See You In The Funnypages

from the Gotham Gazette, Sunday Lifestyles section

Wayne Buys Art Object With Strange Story, Appearance

When Gotham artist Jared Stannett mounted another local show, he had no idea its centerpiece would net him a cool $4 million, least of all from surprise art patron and Gotham industrialist Bruce Wayne.

His show, Metalloids: Found And Created, opened at the DeKroontz Gallery's downtown location on Friday. It consisted of metal sculptures, themselves comprised of industrial parts that Stannett found and mixed with pseudo-industrial objects of his own design and manufacture. Many of the installations perform meaningless, whimsical tasks, in keeping with the playful nature of Stannett's usual efforts.

The sculptures form a spiral from the outside of the room, where the most complex machines are, to the middle, where the untouched Metalloid I lies on a small, plain steel pedestal.

Stannet, 24, though a fixture on the local art scene despite his young age, had not been particularly lauded or successful until now, regarded as perhaps derivative-"Miro in motion", as one critic called him.

That changed Friday night with the appreciative musings of visiting New York art critic Stanislaus Myorevsky, an occasional guest at DeKroontz's functions.

"'Miro in motion' is hardly an insult," said Myorevsky. "The whole installation has a wonderful, childlike energy, mixed with a hard edge. It partakes of a peculiar kind of sadness as well. It's very fresh, and complicated in a good way."

Wayne himself was particularly taken with the central piece, Metalloid I, which Stannett called "pure found art-I didn't alter it or do anything with it except present it as is. It was the first thing I found and got me thinking. It really inspired the whole installation."

The object, the origins of which were at first unknown, looks like a large flashlight head with no visible bulb and a jointed arm attached to its back. According to Mr. Wayne, who graciously identified it, it is a broken bulkhead light for a defunct brand of Australian sloop ships made in the 1980's.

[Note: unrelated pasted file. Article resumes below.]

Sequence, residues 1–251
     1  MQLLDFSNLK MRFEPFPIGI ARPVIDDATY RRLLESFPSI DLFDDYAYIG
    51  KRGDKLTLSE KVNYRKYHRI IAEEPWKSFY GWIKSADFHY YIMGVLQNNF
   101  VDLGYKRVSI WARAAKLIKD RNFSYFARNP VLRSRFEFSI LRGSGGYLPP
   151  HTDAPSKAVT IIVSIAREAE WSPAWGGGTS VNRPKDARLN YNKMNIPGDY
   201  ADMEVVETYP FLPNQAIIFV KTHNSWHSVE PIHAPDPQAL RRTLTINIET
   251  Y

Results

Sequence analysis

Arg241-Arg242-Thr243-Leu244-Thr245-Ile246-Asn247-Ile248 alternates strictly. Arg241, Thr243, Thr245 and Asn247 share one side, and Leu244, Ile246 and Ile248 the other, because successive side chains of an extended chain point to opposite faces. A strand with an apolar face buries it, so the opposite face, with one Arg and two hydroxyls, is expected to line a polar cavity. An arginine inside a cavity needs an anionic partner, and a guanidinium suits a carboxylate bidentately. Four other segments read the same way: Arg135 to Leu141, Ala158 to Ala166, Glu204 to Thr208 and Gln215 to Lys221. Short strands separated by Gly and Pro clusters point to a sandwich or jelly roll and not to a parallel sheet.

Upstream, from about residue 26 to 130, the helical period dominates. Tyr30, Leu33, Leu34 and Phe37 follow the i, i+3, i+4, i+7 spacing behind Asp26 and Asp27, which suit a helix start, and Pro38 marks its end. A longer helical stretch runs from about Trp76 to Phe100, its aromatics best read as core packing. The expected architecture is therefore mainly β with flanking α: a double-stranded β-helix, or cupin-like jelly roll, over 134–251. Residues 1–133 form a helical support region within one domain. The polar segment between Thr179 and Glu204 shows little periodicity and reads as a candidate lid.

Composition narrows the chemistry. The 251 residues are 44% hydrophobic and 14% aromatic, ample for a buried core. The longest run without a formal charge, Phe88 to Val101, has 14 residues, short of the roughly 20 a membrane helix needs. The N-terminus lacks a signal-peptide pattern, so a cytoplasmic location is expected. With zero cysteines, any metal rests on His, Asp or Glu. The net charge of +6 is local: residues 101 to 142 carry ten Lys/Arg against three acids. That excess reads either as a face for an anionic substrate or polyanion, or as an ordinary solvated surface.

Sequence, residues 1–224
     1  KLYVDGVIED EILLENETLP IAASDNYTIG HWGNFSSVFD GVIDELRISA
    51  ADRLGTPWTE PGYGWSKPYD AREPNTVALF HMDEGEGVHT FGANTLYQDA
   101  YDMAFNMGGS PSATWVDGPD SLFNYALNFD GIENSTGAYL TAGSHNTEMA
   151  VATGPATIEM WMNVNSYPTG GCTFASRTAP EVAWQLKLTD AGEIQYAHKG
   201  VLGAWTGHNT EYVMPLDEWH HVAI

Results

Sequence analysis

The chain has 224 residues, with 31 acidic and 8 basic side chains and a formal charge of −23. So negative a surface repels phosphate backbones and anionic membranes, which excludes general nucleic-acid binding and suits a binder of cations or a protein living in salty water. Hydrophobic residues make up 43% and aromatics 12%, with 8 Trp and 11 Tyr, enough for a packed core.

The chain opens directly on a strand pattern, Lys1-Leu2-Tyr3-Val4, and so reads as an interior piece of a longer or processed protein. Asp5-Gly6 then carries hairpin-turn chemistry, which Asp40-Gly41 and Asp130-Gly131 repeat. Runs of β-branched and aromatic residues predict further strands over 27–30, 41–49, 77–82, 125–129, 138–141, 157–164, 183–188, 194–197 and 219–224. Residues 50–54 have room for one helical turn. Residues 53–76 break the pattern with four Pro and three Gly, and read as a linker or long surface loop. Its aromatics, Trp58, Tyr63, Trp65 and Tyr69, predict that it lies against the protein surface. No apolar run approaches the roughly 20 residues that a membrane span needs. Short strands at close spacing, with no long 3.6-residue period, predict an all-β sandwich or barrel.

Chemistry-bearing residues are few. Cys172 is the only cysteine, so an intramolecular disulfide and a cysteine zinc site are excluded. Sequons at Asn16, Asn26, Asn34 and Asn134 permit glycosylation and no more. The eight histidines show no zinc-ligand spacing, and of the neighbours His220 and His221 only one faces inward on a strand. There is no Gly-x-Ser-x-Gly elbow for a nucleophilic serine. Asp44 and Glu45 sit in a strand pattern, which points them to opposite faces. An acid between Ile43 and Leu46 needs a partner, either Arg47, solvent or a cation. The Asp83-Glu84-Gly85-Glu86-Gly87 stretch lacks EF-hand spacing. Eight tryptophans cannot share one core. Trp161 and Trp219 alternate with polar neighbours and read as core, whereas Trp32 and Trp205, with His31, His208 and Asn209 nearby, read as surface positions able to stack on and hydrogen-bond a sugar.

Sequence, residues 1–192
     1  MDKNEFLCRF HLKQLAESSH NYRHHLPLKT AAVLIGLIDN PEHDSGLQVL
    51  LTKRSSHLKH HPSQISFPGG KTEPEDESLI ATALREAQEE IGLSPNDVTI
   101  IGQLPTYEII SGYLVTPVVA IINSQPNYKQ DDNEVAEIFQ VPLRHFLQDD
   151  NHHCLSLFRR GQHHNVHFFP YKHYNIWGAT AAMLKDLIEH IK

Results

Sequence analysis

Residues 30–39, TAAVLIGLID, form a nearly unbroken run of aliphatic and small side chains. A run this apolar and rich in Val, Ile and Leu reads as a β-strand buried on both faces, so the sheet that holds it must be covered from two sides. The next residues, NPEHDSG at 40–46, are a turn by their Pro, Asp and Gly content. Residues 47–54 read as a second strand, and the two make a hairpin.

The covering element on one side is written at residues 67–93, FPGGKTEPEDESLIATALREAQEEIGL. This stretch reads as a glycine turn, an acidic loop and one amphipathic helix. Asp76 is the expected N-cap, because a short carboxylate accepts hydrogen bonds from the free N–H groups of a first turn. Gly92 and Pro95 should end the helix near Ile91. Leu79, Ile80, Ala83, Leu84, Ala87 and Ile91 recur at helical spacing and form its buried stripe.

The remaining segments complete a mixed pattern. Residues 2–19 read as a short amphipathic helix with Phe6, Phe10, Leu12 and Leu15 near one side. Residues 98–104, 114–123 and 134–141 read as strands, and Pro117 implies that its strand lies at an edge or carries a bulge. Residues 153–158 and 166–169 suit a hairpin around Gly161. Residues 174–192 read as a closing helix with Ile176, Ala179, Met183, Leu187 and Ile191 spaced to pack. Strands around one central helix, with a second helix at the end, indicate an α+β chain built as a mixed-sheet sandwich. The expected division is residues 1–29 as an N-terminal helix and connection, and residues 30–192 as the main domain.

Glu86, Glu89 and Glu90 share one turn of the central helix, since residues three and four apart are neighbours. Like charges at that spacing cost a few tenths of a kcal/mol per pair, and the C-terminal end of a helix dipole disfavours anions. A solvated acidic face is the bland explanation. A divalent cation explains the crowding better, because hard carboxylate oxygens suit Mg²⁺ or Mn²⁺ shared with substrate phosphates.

Despite its mundane if monied origins, the object's journey to Gotham was mysterious.

"I first found it in Los Angeles Harbor," said Stannett. "I was staying with a friend on his houseboat when his wife's bracelet came unlatched and fell into the water. We were all horsing around anyway, so I dove in and looked for it."

After a brief search, Stannett said, "I found it sitting on top of Metalloid I, although I didn't have a name for it at the time.

"I brought them both up and had a look at it."

The piece was in some disrepair and still bore traces of an unpleasantly smelly industrial lubricant. "That's what was odd, given what Mr. Wayne said it was. I never heard of a bulkhead light that needed lubricating. Maybe the stuff got on it after it was lost."

He continued, "The longer I looked at it, the stranger it seemed. It was like the rest of the sculptures, in that it appears to have an everyday purpose but the longer you look, the more you realize it isn't really made in for an apparently practical application. None of the fittings seem to match standard sizes for whatever you could imagine placing it in. It occurred to me that it might be another artist's work, but I don't know of anyone in the art world making anything like this. It's almost otherwordly, but also very prosaic."

Stannett brought the object back to Gotham and began salvaging machine parts in the city's abandoned industrial district for his work. The entire collection took him six weeks of work.

At Friday night's opening, Stannett merely hoped for a good reception. Instead, his entire collection was purchased within thirty minutes by local playboy Bruce Wayne, who appeared taken with the works. After purchasing Metalloids, Wayne said he planned to allow the collection to be exhibited at art museums along the East Coast, replacing Metalloid I with a replica. The original will join his newly-established private collection.

"Well, I lost a lot of stock in that boat company," he joked. "At least I've got a little bit of my investment back!"

On a more sober note, he added, "It's really a very moving piece to me. All I can say is, it gives me a sense of nostalgia for something that, by most standards, could never exist."